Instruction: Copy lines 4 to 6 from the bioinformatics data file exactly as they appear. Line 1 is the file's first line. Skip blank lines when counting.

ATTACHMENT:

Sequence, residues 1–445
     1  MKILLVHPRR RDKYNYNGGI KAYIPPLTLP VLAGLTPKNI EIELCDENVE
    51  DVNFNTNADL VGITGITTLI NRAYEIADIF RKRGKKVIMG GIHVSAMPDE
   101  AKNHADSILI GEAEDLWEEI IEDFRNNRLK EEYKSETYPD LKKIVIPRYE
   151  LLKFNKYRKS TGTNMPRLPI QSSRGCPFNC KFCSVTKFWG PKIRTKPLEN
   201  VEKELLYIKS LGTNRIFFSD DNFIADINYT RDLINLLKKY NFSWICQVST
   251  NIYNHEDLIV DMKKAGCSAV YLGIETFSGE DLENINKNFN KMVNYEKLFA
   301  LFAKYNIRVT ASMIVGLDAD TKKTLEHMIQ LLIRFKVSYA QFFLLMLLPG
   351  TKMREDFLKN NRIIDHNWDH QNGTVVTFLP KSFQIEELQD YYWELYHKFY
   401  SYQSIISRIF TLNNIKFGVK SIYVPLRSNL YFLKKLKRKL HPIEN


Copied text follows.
   101  AKNHADSILI GEAEDLWEEI IEDFRNNRLK EEYKSETYPD LKKIVIPRYE
   151  LLKFNKYRKS TGTNMPRLPI QSSRGCPFNC KFCSVTKFWG PKIRTKPLEN
   201  VEKELLYIKS LGTNRIFFSD DNFIADINYT RDLINLLKKY NFSWICQVST